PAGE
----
October 12, 2010, marks the forty-ninth anniversary of the death of Eugene Jacques Bullard at the age of 67. Bullard is considered to be the first African-American military pilot to fly in combat, and the only African-American pilot in World War I. Ironically, he never flew for the United States.
Born October 9, 1895, in Columbus, Georgia, to William Bullard, a former slave, and Josephine Bullard, Eugene’s early youth was unhappy. He made several unsuccessful attempts to run away from home, one of which resulted in his being returned home and beaten by his father. In 1906, at the age of 11, Bullard ran away for good, and for the next six years, he wandered the South in search of freedom.
In 1912 he stowed away on the Marta Russ, a German freighter bound for Hamburg, and ended up in Aberdeen, Scotland. From there he made his way to London, where he worked as a boxer and slapstick performer in Belle Davis’s Freedman Pickaninnies, an African American entertainment troupe. In 1913, Bullard went to France for a boxing match. Settling in Paris, he became so comfortable with French customs that he decided to make a home there. He later wrote, “… it seemed to me that French democracy influenced the minds of both black and white Americans there and helped us all act like brothers.”
After World War I had begun in the summer of 1914, Bullard enlisted in the French Foreign Legion. While serving with the 170th Infantry Regiment, Bullard fought in the the Battle of Verdun (February to December 1916), where he was wounded seriously. He was taken from the battlefield and sent to Lyon to recuperate. While on leave in Paris, Bullard bet a friend $2,000 that despite his color he could enlist in the French flying service. Bullard’s determination paid off, and in November 1916 he entered the Aéronautique Militaire.
Bullard began flight training at Tours in 1916 and received his wings in May 1917. He was first assigned to Escadrille Spa 93, and then to Escadrille Spa 85 in September 1917, where he remained until he left the Aéronautique Militaire. In November 1917, Bullard claimed two aerial victories, a Fokker Triplane and a Pfalz D.III, but neither could be confirmed. (Some accounts say that one victory was confirmed.) During his flying days, Bullard is said to have had an insignia on his Spad 7 C.1 that portrayed a heart with a dagger running through it and the slogan “All Blood Runs Red.” Reportedly, Bullard flew with a mascot, a Rhesus Monkey named “Jimmy.”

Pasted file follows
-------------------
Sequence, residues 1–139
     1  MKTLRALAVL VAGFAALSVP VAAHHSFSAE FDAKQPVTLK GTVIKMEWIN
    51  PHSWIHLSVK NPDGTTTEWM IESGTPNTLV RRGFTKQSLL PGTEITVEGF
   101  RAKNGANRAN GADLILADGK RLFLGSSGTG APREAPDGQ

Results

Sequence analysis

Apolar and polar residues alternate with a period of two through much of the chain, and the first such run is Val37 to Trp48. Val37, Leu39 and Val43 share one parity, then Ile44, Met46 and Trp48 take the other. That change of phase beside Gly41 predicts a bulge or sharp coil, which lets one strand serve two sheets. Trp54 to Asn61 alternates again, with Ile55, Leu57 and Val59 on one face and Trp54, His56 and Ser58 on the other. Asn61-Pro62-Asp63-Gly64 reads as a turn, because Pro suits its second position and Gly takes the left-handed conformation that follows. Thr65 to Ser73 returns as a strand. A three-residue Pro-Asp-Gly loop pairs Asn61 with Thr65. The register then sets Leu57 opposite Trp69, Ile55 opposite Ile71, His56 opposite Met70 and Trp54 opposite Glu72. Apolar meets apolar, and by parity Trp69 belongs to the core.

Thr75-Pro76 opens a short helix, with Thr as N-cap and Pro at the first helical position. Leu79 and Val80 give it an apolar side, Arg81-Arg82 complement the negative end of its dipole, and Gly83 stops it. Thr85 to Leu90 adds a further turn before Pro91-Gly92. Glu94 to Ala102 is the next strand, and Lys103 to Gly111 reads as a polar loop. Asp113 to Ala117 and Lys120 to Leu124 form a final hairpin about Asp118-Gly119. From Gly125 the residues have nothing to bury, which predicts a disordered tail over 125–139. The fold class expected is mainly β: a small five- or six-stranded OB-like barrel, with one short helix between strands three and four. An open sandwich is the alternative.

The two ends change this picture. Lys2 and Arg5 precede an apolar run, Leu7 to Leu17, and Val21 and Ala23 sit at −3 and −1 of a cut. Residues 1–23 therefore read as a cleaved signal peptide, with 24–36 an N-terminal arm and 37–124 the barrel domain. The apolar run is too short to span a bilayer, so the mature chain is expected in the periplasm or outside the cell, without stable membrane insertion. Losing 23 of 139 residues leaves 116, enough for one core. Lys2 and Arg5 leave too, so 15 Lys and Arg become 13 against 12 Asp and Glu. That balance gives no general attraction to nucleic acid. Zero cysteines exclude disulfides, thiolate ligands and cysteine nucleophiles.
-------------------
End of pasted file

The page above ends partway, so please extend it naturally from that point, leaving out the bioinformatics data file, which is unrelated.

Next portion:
After the United States entered the war in 1917, Bullard attempted to join the U.S. Air Service, but he was not accepted, ostensibly because he was an enlisted man, and the Air Service required pilots to be officers and hold at least the rank of First Lieutenant. In actuality, he was rejected because of the racial prejudice that existed in the American military during that time. Bullard returned to the Aéronautique Militaire, but he was summarily removed after an apparent confrontation with a French officer. He returned to the 170th Infantry Regiment until his discharge in October 1919.
After the war Bullard remained in France, where he worked in a nightclub called Zelli’s in the Montmartre district of Paris, owned a nightclub (Le Grand Duc) and an American-style bar (L’Escadrille), operated an athletic club, and married a French woman, Marcelle de Straumann. During this time Bullard rubbed elbows with notables like Langston Hughes, F. Scott Fitzgerald, and Josephine Baker.
By the late 1930s, however, the clouds of war began to change Bullard’s life dramatically. Even before World War II officially began in 1939, Bullard became involved in espionage activities against French fifth columnists who supported the Nazis. When war came he enlisted as a machine gunner in the 51st Infantry Regiment, and was severely wounded by an exploding artillery shell. Fearing capture by the Nazis, he made his way to Spain, Portugal, and eventually the United States, settling in the Harlem district of New York City.
After his arrival in New York, Bullard worked as a security guard and longshoreman. In the post-World War II years, Bullard took up the cause of civil rights. In the summer of 1949, he was involved in an altercation with the police and a racist mob at a Paul Robeson concert in Peekskill, New York, in which he was beaten by police. Another incident involved a bus driver who ordered Bullard to sit the back of his bus. These events left Bullard deeply disillusioned with the United States, and he returned to France, but was unable to resume his former life there.
During his lifetime, the French showered Bullard with honors, and in 1954, he was one of three men chosen to relight the everlasting flame at the Tomb of the Unknown Soldier in Paris. In October 1959 he was made a knight of the Legion of Honor, the highest ranking order and decoration bestowed by France. It was the fifteenth decoration given to him by the French government.
In the epilogue to his well-researched book, Eugene Bullard, Black Expatriate in Jazz-Age Paris (Athens: Univ. of Georgia Press, 2000), Craig Lloyd points out the poignancy of Bullard’s situation in the United States: “The contrast between Eugene Bullard’s unrewarding years of toil and trouble early and late in life in the United States and his quarter-century of much-heralded achievement in France illustrates dramatically … the crippling disabilities imposed on the descendants of Americans of African ancestry … .”
In 1992, the McDonnell Douglas Corporation donated to the National Air and Space Museum a bronze portrait head of Bullard, created by Eddie Dixon, an African American sculptor. This work is displayed in the museum’s Legend, Memory and the Great War in the Air gallery.
Postscript: On September 14, 1994, Bullard was posthumously commissioned a second lieutenant in the U.S. Air Force. A display case in the National Museum of the U.S. Air Force in Dayton, Ohio, honors him.